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Crime Story | 2021 | R | – 5.5.6

content-ratingsWhy is “Crime Story” rated R? The MPAA rating has been assigned for “violence, language and some sexual content.” The Kids-In-Mind.com evaluation includes a scene with a pornographic video, a kiss, a few people are shot and bloody wounds are shown, a child is struck by a bus and is seriously injured, many arguments, and 10 F-words and other strong language. Read our parents’ guide below for details on sexual content, violence & strong language.


An ailing, retired crime boss (Richard Dreyfuss) needs to find the people that robbed him and thus deliver their comeuppance, with or without the help of his daughter (Mira Sorvino), who is ironically a police detective. Also with Pruitt Taylor Vince, Cress Williams, Derek Russo, Andrea Frankle, Haviland Stillwell, Joanna Walchuk and Ray Iannicelli. Directed by Adam Lipsius. [Running Time: 1:38]

Crime Story SEX/NUDITY 5

 – A man goes to another man’s house and we hear sexual moaning coming from inside; the man bursts into the house and we see a man inside masturbating and watching a pornographic movie on a TV (we see a woman and a man briefly on the screen with bare backs and shoulders visible, having sex and we hear moaning). A husband and his wife kiss tenderly. A woman hugs a man.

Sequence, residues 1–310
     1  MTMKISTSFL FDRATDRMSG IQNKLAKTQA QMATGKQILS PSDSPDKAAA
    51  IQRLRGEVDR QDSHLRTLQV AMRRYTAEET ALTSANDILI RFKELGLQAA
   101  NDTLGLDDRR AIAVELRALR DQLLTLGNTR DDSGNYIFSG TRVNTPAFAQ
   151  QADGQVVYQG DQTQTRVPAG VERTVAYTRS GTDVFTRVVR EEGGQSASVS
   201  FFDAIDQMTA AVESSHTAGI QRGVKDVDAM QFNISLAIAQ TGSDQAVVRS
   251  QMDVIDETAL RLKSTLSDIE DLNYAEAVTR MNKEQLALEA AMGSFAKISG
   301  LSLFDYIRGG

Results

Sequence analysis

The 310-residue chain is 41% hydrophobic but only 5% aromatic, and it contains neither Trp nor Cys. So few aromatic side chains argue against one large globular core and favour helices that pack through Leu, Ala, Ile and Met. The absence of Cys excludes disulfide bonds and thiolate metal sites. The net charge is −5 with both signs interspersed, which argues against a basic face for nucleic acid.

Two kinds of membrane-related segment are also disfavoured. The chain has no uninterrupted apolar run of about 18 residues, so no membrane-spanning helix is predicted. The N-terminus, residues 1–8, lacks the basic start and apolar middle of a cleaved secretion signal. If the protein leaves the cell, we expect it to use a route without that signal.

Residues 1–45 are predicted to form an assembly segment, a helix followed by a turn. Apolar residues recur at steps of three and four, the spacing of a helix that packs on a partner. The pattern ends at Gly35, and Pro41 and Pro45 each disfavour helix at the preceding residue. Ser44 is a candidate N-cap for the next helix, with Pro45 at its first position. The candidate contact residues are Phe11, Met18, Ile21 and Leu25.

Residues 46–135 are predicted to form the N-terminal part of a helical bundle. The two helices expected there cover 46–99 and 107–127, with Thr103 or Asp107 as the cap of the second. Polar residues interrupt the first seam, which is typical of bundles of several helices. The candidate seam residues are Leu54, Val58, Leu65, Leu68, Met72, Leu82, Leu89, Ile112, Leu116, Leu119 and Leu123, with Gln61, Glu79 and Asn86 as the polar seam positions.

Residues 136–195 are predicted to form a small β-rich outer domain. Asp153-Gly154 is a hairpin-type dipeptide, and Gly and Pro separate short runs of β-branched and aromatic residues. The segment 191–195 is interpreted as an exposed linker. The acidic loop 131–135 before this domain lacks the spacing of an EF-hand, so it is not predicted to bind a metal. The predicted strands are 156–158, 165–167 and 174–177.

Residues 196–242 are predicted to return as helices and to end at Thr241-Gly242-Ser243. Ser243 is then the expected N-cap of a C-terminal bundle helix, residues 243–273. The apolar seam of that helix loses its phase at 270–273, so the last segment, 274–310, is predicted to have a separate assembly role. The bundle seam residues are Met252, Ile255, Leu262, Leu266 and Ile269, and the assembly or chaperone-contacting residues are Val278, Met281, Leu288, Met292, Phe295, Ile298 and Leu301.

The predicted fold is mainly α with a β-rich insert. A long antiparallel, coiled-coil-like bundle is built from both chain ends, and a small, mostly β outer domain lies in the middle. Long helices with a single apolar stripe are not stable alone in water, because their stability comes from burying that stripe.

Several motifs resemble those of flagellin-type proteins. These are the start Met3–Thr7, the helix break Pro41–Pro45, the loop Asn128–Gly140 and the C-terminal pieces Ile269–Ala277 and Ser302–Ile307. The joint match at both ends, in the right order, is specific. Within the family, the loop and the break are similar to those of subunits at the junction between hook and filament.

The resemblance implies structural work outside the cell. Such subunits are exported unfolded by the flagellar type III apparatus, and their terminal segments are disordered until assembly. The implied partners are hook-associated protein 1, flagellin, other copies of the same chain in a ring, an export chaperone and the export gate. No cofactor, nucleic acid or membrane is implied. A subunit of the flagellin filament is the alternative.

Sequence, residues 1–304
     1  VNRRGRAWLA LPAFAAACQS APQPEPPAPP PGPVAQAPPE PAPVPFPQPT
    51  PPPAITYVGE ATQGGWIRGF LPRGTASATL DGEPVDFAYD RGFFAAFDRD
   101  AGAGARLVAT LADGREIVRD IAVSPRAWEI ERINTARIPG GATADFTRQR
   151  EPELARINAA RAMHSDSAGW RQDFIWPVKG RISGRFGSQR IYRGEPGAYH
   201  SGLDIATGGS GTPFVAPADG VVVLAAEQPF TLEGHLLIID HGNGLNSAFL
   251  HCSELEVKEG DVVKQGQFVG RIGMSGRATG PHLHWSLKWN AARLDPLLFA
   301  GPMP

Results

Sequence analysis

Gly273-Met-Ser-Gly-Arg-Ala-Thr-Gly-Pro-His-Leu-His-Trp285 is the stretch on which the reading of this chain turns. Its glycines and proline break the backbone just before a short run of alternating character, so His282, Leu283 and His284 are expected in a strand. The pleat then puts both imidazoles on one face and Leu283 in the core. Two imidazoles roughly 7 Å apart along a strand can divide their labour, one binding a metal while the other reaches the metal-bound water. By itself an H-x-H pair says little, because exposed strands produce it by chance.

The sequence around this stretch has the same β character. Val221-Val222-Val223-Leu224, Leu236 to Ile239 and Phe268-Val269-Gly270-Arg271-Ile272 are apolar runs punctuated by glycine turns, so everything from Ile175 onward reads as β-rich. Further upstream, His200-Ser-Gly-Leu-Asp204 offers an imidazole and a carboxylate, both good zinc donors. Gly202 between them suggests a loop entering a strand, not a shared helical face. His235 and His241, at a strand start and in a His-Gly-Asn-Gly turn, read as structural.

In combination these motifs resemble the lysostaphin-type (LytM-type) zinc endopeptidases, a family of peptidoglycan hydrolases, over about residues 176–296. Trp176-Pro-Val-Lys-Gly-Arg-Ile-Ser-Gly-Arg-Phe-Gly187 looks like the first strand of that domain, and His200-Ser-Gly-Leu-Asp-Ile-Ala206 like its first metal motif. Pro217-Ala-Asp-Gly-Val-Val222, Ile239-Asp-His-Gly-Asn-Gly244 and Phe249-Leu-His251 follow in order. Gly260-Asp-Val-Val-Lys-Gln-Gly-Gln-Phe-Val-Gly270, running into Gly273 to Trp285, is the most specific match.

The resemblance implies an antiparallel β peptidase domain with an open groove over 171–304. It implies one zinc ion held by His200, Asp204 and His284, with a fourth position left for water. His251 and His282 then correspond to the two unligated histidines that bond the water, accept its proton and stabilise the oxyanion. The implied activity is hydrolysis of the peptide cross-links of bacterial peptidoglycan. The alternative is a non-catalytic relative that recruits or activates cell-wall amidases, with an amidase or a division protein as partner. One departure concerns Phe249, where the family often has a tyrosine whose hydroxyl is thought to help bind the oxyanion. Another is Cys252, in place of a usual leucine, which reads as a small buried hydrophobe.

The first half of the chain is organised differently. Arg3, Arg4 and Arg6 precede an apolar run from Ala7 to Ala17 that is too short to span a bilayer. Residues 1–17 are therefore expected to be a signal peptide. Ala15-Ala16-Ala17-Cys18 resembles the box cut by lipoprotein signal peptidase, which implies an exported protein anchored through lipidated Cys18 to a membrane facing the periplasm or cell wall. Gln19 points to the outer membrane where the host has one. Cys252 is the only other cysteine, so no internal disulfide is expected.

We hear that a political official had an illicit affair and the woman became pregnant.
 A husband bathes his wife after she urinates on the floor (we see her bare back and buttocks). A woman wears low-cut tops that reveal cleavage in several scenes.

Crime Story VIOLENCE/GORE 5

 – Two men wrestle over a gun and it discharges (one of the men is shot in the abdomen and falls to the floor dead, with some blood visible). A man wraps a cord around another man’s throat while he is driving, the car crashes through a fence and we hear a crack when the man’s neck breaks. A man is shot in the abdomen and another man is also shot in the abdomen (we see some blood on the wounds). A boy runs into a street where he is struck by a bus (we see him thrown and then unconscious on the ground with blood in his mouth); we later see the boy in the hospital on life support as doctors talk about his prognosis not being promising.
 A man slams another man in the back of the head with a crowbar, he pushes him onto a car and presses the hood down on his arm (we hear a crack) as the man screams; the man then breaks a couple of the man’s fingers and we hear cracking. A man punches a woman in the face, she falls to the floor and he hits her again; she then points a gun at him.
 A man with a gun drawn enters his house and sees furniture and items strewn around, he calls for his wife and sees that a wall safe is open and empty; the man yells at his wife and she locks herself in the bathroom where he shoots a gun through the door (she is not struck). A man watches a video of a robbery and sees the robbers taking his wife’s wedding band. People inside a church during a political really chant and hold up signs to protest a candidate; people shove each other and a man is pushed or thrown and falls on a woman causing police to order everyone out of the building, as explosions sound outside and people run and scream.